Crohn’s Disease is an inflammatory disease that affects the intestines and other parts of the gastrointestinal system. Although it normally attacks the lower small intestine, Crohn’s disease also affects the anus, rectum, large intestine, small intestine, stomach, esophagus and even the mouth.
Symptoms of Crohn's Disease
The primary symptoms of Crohn’s disease are pain in the abdomen, vomiting, diarrhea, bloody stool and weight loss. Some patients with Crohn’s disease also suffer from skin irritation, inflammation of the eye, and joint pain or arthritis.
If you have Crohn’s disease, you may have active periods with quite a few symptoms and then periods of remission, when symptoms seem non-existent or diminish. This cause of this shift is not known, but many with Crohn’s disease can lead productive lives after being on a treatment plan.
Statistics on Crohn's Disease
Approximately half a million individuals in the United States have Crohn’s disease, according to the Crohn’s and Colitis Foundation of America. Men and women tend to be affected equally by inflammatory bowel disease and affects a variety of age groups. Approximately 10 percent of those with Crohn’s disease are under 18 years of age.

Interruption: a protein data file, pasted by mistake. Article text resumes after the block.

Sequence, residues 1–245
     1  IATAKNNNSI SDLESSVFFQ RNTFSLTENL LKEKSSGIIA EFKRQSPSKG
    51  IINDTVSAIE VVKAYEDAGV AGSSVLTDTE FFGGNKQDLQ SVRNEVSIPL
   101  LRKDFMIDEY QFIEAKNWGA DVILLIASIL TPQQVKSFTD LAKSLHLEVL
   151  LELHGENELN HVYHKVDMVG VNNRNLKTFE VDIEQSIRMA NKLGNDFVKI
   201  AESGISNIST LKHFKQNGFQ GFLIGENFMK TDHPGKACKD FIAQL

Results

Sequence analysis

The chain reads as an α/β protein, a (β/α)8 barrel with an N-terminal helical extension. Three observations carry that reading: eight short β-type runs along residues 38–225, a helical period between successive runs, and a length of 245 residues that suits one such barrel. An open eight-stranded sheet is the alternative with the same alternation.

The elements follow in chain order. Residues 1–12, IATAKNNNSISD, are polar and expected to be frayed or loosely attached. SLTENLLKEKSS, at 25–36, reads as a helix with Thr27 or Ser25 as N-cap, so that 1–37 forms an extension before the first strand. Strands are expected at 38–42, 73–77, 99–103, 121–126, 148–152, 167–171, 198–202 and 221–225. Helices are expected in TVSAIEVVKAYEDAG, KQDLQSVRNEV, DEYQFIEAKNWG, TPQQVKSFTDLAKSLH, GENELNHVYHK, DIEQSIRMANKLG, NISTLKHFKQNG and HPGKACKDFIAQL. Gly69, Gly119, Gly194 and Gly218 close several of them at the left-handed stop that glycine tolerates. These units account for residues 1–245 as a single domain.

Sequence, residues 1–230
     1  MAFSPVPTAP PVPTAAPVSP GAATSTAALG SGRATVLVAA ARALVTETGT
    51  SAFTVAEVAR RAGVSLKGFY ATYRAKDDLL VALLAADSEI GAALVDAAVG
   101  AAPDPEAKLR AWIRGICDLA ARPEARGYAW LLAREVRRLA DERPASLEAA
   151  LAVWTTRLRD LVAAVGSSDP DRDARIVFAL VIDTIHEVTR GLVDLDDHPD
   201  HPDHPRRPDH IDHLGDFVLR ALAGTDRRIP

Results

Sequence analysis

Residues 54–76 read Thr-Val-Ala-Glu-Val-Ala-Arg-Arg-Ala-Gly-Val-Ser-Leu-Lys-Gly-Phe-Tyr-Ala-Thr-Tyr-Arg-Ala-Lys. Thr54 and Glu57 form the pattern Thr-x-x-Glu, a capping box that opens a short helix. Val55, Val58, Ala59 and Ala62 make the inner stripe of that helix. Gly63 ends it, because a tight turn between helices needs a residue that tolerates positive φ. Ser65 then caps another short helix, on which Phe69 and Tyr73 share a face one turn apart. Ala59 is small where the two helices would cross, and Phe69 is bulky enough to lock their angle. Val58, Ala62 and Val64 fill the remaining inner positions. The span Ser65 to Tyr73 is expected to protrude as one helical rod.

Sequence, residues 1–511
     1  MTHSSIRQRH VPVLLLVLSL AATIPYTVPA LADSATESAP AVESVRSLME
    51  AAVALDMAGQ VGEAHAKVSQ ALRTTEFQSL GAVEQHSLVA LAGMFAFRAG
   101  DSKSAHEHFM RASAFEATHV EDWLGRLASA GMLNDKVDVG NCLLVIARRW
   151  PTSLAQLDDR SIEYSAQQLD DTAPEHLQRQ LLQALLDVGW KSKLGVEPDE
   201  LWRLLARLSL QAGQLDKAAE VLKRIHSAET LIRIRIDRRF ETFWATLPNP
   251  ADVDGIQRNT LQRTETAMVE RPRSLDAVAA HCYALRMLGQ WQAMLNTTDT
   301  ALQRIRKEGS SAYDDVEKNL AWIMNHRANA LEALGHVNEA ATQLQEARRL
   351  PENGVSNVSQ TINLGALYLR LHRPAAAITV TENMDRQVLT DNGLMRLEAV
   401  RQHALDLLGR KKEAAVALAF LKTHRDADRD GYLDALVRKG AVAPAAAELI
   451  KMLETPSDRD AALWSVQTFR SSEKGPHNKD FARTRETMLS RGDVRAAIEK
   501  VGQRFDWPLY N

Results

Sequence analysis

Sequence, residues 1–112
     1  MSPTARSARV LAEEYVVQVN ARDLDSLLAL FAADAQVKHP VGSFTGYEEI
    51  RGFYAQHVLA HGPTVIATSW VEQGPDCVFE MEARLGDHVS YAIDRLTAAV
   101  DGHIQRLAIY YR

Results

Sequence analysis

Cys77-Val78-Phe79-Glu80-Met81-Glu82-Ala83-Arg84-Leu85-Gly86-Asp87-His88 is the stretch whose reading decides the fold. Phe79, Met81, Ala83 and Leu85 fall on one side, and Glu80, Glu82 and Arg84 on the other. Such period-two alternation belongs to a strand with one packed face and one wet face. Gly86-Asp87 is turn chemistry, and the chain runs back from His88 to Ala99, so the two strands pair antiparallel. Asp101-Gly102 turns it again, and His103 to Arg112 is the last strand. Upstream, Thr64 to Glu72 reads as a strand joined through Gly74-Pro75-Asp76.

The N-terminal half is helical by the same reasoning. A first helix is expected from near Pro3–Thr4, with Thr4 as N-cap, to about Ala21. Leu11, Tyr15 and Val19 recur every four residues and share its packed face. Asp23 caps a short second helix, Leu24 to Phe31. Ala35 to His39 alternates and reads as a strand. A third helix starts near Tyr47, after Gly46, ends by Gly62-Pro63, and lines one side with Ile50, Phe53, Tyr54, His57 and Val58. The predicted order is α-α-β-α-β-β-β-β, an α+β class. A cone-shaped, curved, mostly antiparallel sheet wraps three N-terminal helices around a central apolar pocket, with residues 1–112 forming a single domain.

Causes and the Autoimmune System
Despite years of research, the exact cause of Crohn’s disease is not known, which limits the ability to treat the disease. In Crohn’s disease, the immune system attacks the gastrointestinal system. Heredity plays a role, as well. The overactive immune system in Crohn’s disease attacks good bacteria and attempts to fight them off, causing white blood cells to gather in an area. This pool of white blood cells results in the inflammation.
Genetics and Ethnicity
Crohn’s disease tends to run in families, so genetics is believed to play a role in the susceptibility of developing such a disease. Ethnicity may also play a role in being at risk for Crohn’s disease, as those of European descent are four to five times more likely than others to have inflammatory bowel disease at some point in their lifetime.
As of 2009, there are no medications for remission or prevention for relapse, and it is difficult to assess who is at risk for developing Crohn’s disease. There is no cure for Crohn’s disease, although there are methods available to relieve some of the symptoms.
Treatment often involves medication, changes in diet, supplements and sometimes surgery. Medications that are often used to treat symptoms of Crohn’s disease include anti-inflammatory medication or steroids to reduce inflammation, immune suppressors to curb the immune response to bacteria, antibiotics to prevent infection, anti-diarrheal and fluid replacements, which help to prevent dehydration.
According to the Crohn’s and Colitis Foundation of America, about 75 percent of those who have Crohn’s disease will need surgery at some point to help manage the complications and reduce symptoms.